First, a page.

Transportation summit reports Island challenges and solutions 


The recent Older Adult Transportation Summit (convened Tuesday, Sept. 20) shed a bright light on the challenges facing the Island’s older adult drivers as they attempt to navigate the Island using alternate forms of transportation. 

Nearly 100 Islanders gathered — in person or by Zoom technology — for the program held at the M.V. Film Center. There were a number of speakers who shared tales of their challenges seeking and using alternatives to driving themselves. Senior service and alternative transportation providers exchanged information and updates on pilot programs underway to address the transportation needs of older adults.

Dukes County has the commonwealth’s second highest percentage of older adults. Based on a Healthy Aging M.V. survey in 2020, a third of our population is 65 years of age or older. And 90 percent of those surveyed told us that they are still driving themselves as their primary form of transportation. 

The lack of alternative transportation options (to driving oneself) for older adults is a pressing problem. The lack of a full complement of fit-for-purpose transportation options result in reduced access to healthcare, increased isolation, and the inability to engage in what our Island offers, including visits to a Council on Aging, cultural events, and accessing the Post Office or grocery store. 

The mission of the coalition, founded in 2021, is to ensure that there are adequate — and affordable — options for both on-Island enrichment and essential (medical) transportation needs for older adults, as well as off-Island medical transport. 

Currently, there are four pilot programs underway helping to alleviate the situation: the Taxi Program at Island Elder Housing, which transports older adults to medical appointments and weekly trips to the Food Pantry; the Council on Aging Van Sharing shopping shuttles, on a fixed loop of Post Office, pharmacy, and grocery store, the MV Center for Living program, which provides rides to and from the Center for Living; and GoGoGrandparent, an on-demand concierge service connecting older adults with Uber and Lyft drivers on the Island.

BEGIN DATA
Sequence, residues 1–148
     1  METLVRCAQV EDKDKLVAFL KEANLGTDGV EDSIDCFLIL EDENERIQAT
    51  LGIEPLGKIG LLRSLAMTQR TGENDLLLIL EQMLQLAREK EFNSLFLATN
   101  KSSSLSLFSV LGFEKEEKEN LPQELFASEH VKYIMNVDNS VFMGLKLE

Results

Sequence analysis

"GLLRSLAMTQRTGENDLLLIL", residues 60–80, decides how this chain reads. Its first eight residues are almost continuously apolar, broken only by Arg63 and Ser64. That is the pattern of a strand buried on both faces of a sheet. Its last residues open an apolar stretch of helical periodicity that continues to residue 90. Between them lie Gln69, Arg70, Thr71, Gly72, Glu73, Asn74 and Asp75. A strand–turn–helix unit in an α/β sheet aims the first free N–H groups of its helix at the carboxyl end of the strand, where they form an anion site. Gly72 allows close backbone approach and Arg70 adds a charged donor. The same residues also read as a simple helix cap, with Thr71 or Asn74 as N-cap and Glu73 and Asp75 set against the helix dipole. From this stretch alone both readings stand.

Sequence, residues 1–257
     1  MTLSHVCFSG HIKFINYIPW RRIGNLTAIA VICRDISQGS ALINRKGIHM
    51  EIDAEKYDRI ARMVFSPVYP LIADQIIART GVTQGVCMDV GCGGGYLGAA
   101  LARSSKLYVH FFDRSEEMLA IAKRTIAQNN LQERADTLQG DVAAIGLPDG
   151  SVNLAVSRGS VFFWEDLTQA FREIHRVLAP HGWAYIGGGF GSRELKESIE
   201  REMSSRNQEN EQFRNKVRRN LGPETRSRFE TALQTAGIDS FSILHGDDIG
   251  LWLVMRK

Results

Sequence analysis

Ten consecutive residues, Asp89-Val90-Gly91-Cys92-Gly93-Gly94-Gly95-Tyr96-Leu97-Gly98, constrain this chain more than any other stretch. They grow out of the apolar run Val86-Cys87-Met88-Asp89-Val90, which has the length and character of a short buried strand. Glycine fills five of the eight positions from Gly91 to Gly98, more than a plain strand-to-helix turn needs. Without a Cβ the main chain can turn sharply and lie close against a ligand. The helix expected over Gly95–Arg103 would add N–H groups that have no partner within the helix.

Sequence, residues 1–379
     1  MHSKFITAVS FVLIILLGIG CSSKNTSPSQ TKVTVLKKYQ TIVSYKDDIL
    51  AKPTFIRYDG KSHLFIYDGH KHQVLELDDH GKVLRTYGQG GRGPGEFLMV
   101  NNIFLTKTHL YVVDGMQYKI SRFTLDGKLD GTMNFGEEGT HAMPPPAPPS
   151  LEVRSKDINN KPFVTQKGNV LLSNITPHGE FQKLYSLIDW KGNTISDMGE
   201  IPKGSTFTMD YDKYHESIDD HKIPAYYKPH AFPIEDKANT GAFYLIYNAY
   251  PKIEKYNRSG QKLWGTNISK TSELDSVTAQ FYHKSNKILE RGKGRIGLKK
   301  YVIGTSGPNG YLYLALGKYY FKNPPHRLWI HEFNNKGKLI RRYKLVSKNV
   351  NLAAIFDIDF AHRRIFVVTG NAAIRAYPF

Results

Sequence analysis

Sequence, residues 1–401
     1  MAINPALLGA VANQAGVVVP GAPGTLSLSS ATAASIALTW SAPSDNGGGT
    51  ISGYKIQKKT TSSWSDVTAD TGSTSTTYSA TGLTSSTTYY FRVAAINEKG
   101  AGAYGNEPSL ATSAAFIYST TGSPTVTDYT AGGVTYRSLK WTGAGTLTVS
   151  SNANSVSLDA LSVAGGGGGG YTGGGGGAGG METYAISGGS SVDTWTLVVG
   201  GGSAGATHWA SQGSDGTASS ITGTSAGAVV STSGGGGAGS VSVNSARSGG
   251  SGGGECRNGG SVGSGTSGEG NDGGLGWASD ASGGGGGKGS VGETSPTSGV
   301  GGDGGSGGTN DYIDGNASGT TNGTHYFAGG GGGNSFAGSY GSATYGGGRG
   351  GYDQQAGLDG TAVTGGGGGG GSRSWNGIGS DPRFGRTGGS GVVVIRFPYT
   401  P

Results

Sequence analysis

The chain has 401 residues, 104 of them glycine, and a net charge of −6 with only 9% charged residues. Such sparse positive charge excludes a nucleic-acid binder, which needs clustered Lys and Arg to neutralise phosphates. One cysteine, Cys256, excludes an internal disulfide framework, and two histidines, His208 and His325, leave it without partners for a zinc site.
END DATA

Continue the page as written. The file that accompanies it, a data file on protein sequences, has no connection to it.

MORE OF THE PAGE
Is this enough? Of course not. Is it a beginning? For sure.

Step 1 to solving the problem is making sure that older adults and their family and friends who care about their well-being are aware of the alternatives available now. 

A new printed directory, “On the Go: Safe Rides for Older Riders,” was shared publicly for the first time at the summit, and will be distributed at many public locations across the Island. It includes information on all transportation alternatives on- and off-Island, including a contact phone number for each option.

Step 2 is encouraging older adults to try out these pilot programs available now to ensure that older adults have transportation options when needed for essential and enrichment travel on- and off-Island.

Step 3 is to continue to collaborate across organizations to identify fit-for-purpose transportation solutions for our growing older adult population, especially for off-Island medical transportation. Did you know that older adults are forecast to take more than 7,000 trips off-Island in 2022 to obtain healthcare? 

In addition to Healthy Aging M.V., M.V. Community Foundation, and the Martha’s Vineyard Commission, coalition member organizations include the M.V. Center for Living, Island Elderly Housing, Island Grown Initiative, M.V. Community Services, M.V. Hospital, the Island’s Councils on Aging, Steamship Authority, the Vineyard Transit Authority, Vineyard Village at Home, the Visiting Nurses Association of M.V., and the YMCA. 


Cindy Trish is the executive director of Healthy Aging Martha’s Vineyard.